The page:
In the Ledbetter, Gross and Exxon cases, the Court went out of its way to side with corporations and defend them from people who were trying to hold them accountable.

Remind me again, Senator Kyl: what’s the definition of “results oriented judging?”


Lilly Ledbetter Recounts Her Fight

Lilly Ledbetter just appeared in front of the Senate Judiciary Committee to speak about the damage that can be done by a Supreme Court that’s not grounded in the realities of life for average Americans.

When Ledbetter found out that she’d been discriminated against, it would have been easy for her to just walk away—after all, it’s not in any way easy to pursue a discrimination claim—but Ledbetter was used to tough jobs. She stood up and demanded that Goodyear be held accountable for its actions. She fought hard, she pursued her case for many years, and she won.

But when the case made it to the Supreme Court, it decided that Goodyear couldn’t be held accountable for its actions. Because the company hid the discrimination for long enough, they were free to discriminate for as long as they wanted.

In 2007, when the Court denied her compensation for decades of pay discrimination, Ledbetter sat down with us to talk about her fight for fair pay for herself and others like her:

After the Supreme Court stopped her from collecting the pay she had earned, she led the fight to make sure it wouldn’t happen to anybody else—and she’s still fighting to make sure that the Supreme Court gives a fair hearing to people like her when they go up against big corporations like Goodyear.

She told the Judiciary Committee:

Since my case, I’ve talked to a lot of people around the country. Most can’t believe what happened to me and want to make sure that something like it doesn’t happen again. They don’t care if the Justices are Democrats or Republicans, or which President appointed them, or which Senators voted for them. They want a Supreme Court that makes decisions that make sense.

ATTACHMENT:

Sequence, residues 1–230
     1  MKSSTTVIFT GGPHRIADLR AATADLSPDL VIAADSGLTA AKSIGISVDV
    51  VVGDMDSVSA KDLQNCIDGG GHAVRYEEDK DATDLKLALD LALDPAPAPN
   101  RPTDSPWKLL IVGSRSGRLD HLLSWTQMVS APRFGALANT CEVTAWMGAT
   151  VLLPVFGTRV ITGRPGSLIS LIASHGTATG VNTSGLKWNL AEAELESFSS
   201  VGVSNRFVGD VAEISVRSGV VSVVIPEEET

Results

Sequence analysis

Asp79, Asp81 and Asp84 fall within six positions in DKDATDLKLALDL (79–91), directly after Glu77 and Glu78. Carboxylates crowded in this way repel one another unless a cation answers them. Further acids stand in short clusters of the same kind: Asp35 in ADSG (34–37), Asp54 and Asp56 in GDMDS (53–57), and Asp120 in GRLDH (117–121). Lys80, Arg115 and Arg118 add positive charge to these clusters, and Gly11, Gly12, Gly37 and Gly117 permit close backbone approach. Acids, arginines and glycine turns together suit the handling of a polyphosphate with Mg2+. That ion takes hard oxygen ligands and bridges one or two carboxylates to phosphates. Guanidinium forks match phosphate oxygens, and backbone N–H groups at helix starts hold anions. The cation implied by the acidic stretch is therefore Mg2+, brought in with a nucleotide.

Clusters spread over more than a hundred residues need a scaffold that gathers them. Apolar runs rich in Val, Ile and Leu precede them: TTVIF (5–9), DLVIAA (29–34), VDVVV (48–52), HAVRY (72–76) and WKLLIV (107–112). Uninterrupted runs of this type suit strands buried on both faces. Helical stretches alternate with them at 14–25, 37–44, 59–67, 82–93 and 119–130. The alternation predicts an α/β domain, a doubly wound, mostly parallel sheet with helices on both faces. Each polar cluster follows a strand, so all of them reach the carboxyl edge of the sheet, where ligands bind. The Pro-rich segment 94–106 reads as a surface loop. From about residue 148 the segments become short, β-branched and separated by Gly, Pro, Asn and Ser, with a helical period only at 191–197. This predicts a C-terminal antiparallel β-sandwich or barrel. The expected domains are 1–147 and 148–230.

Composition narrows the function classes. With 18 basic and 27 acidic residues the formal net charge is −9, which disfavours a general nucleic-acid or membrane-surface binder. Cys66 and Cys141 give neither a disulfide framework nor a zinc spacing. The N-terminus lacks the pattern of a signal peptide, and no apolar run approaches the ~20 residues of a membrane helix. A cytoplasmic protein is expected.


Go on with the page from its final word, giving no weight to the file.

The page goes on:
That’s why the hearings here are so important. We need Justices who understand that law must serve regular people who are just trying to work hard, do right, and make a good life for their families. And when the law isn’t clear, Justices need to use some common sense and keep in mind that the people who write laws are usually trying to make a law that’s fair and sensible. This isn’t a game. Real people’s lives are at stake. We need Supreme Court justices who understand that.


Joining the Club

Yesterday, Sen. Amy Klobuchar shot down her colleague Tom Coburn’s assertion that the American people are less free now than we were 30 years ago, offering up some powerful illustrations of the progress women have made since 1980. “I think about whether people were more free in 1980,” she said, “it's all in the eyes of the beholder.”

Kagan, who if confirmed would be the fourth female Justice in the history of the Supreme Court, responded, “I think that there's no question that women have greater opportunities now, although they could be made greater still.”

Today, the Pew Research Center released a survey of attitudes toward working women throughout the world. One finding stood out:

Indeed, the United States and Germany reported an especially strong gap between the sexes on whether enough has been done to give women equality. Of those who believe in equal rights, many more American and German men believe their nations have made the right amount of changes for women, while many more women than men in those countries think more action is required.

“When you’re left out of the club, you know it,” said Prof. Jacqui True, an expert in gender relations and senior lecturer at the University of Auckland. “When you’re in the club, you don’t see what the problem is.”